The SPL's network capacity is deliberately overspecified for a typical research group of this size. Clinical needs may require bandwidth beyond those of common network applications. Excess capacity also encourages developers to follow the SPL philosophy of “prototype, validate, and refine.” As well, researchers can focus on algorithmic details and clinical needs early in the software development process rather than dealing with networking or other performance requirements. Finally, extra network capacity allows the SPL to distribute resources such as computers, storage, and tape backup units in multiple physical locations creating a buffer for new requests for collaborations and future growth.

In short, the SPL network is designed to provide researchers with as much flexibility and room for expansion as possible, while maintaining security and respecting the legal and ethical mandates for subject confidentiality and privacy. To this last point, users involved in processing data from human subjects comply with required institutional and governmental training and handling requirements. External access to SPL services is restricted both by Partners networking and by internal SPL access control. Specific services such as login, electronic mail access, and file sharing all have customized security policies to limit possible exposure to hostile attack or to the compromise of sensitive data.















Into the hospital, inside the operating room

Highlights: The SPL brings computation and networking into the operating room, enabling new image-based planning and therapy.

The SPL provides research, computation, and networking technologies to support image-guided therapy in this MRT suite at Brigham and Women’s Hospital.

The SPL works in close partnership with clinicians throughout the BWH to learn from current medical practice and to translate emerging research concepts into future clinical tools. To do this effectively, the SPL has incorporated its network and computer infrastructure into several clinical areas of the hospital.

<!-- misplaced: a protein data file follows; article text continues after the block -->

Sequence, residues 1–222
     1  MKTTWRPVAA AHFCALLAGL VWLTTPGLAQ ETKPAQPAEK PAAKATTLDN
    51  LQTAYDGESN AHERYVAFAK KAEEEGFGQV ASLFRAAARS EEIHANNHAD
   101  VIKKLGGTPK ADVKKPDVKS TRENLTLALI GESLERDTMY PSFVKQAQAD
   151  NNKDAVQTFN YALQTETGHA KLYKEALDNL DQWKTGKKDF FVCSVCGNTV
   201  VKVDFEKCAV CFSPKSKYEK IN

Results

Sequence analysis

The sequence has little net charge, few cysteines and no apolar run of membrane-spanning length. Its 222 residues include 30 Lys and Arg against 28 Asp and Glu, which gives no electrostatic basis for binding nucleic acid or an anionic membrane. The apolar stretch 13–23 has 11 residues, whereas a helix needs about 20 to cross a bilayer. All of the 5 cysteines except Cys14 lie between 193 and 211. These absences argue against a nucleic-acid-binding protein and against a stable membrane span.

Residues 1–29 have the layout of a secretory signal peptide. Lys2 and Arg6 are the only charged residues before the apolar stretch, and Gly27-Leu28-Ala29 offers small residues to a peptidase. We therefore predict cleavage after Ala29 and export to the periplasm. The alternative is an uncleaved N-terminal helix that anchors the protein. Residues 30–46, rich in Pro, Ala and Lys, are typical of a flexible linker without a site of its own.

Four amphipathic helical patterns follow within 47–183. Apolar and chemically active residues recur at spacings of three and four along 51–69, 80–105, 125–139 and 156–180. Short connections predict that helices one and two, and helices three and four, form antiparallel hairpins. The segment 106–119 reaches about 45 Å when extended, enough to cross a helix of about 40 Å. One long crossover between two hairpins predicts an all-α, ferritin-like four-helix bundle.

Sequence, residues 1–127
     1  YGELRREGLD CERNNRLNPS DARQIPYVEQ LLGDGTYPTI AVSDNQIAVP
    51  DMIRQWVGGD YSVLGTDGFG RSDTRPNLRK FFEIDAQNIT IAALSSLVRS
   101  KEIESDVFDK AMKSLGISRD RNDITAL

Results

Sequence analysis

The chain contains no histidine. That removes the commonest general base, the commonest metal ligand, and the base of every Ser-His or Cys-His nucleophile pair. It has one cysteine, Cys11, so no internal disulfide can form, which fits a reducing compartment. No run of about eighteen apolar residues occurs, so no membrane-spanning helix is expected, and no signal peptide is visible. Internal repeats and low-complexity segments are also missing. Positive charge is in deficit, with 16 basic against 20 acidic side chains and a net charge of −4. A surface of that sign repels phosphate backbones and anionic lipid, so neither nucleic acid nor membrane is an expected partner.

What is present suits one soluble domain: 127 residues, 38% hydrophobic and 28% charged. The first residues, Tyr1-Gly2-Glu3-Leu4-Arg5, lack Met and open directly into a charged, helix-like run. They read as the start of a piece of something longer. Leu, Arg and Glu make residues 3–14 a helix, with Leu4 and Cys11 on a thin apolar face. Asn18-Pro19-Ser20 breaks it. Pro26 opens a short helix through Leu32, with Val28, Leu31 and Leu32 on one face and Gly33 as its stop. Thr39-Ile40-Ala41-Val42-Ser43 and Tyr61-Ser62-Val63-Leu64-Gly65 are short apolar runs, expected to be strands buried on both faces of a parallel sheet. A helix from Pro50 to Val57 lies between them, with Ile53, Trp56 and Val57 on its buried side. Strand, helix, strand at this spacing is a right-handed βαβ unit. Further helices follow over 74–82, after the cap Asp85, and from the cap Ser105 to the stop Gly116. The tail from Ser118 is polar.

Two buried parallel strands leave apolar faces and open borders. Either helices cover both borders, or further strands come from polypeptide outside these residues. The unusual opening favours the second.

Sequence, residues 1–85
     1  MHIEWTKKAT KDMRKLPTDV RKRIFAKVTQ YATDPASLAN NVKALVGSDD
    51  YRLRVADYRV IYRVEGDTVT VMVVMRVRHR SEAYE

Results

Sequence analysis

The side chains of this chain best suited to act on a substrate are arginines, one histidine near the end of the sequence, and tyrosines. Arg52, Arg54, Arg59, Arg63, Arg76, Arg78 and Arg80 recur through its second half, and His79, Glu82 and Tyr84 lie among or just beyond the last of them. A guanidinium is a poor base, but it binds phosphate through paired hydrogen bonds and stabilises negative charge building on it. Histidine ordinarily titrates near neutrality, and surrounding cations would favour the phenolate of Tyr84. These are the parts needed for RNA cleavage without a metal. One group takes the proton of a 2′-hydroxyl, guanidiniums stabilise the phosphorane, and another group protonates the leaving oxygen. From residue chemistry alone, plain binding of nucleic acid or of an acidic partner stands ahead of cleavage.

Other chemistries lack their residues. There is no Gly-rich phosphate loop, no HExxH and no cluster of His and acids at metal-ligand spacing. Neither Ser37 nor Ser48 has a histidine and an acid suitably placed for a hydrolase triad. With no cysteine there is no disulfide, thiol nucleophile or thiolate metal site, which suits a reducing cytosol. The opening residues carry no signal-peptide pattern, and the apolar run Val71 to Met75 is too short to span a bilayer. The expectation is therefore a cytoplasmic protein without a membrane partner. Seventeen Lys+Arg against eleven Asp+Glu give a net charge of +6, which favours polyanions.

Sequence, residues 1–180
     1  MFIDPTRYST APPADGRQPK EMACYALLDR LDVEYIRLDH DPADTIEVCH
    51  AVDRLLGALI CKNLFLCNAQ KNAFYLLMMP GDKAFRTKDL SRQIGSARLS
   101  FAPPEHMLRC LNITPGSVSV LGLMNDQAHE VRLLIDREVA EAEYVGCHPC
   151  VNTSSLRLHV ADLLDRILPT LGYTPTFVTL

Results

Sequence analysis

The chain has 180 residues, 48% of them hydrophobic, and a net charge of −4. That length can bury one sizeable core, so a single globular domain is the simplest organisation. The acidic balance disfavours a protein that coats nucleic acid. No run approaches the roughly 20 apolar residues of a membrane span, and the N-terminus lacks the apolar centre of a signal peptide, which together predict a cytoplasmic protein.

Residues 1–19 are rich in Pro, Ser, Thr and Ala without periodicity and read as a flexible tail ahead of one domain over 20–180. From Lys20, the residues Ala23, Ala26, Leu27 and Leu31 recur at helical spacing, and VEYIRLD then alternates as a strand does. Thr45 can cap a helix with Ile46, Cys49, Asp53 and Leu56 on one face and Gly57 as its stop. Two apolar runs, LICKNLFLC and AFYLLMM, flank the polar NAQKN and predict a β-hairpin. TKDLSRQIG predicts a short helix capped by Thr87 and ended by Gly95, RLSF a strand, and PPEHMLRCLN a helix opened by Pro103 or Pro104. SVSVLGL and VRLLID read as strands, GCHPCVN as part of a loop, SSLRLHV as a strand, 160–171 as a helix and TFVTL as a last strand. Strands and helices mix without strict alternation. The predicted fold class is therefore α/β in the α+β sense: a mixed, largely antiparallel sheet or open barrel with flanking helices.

The SPL's presence in the operating room dates from 1990 when researchers first used computer graphics workstations and video cameras to superimpose actual and virtual images of a surgical site. This prototype capability evolved into a robust, custom-built surgical visualization cart in 1993, and a second version with optical registration hardware in 1996. These carts were rolled from the SPL into the operating room and used to assist in several hundred surgical cases.

Many of the techniques developed using the SPL surgical cart found permanent use in BWH’s Magnetic Resonance Therapy (MRT) facility in 1994 as a testing tool and in 1998 as a tool for routine use.

MRT brings imagery, surgery, and computation together in a single operating theater. The MRT consists of an operating room with a custom MRI scanner, a specialized imaging suite, LCD display panels, and instrument tracking systems. The MRT allowed surgeons for the first time to create MR images of a surgical procedure under way and combine them with pre-operative scans, anatomic models, and virtual images of surgical probes, all aligned with the patient and the surgical site.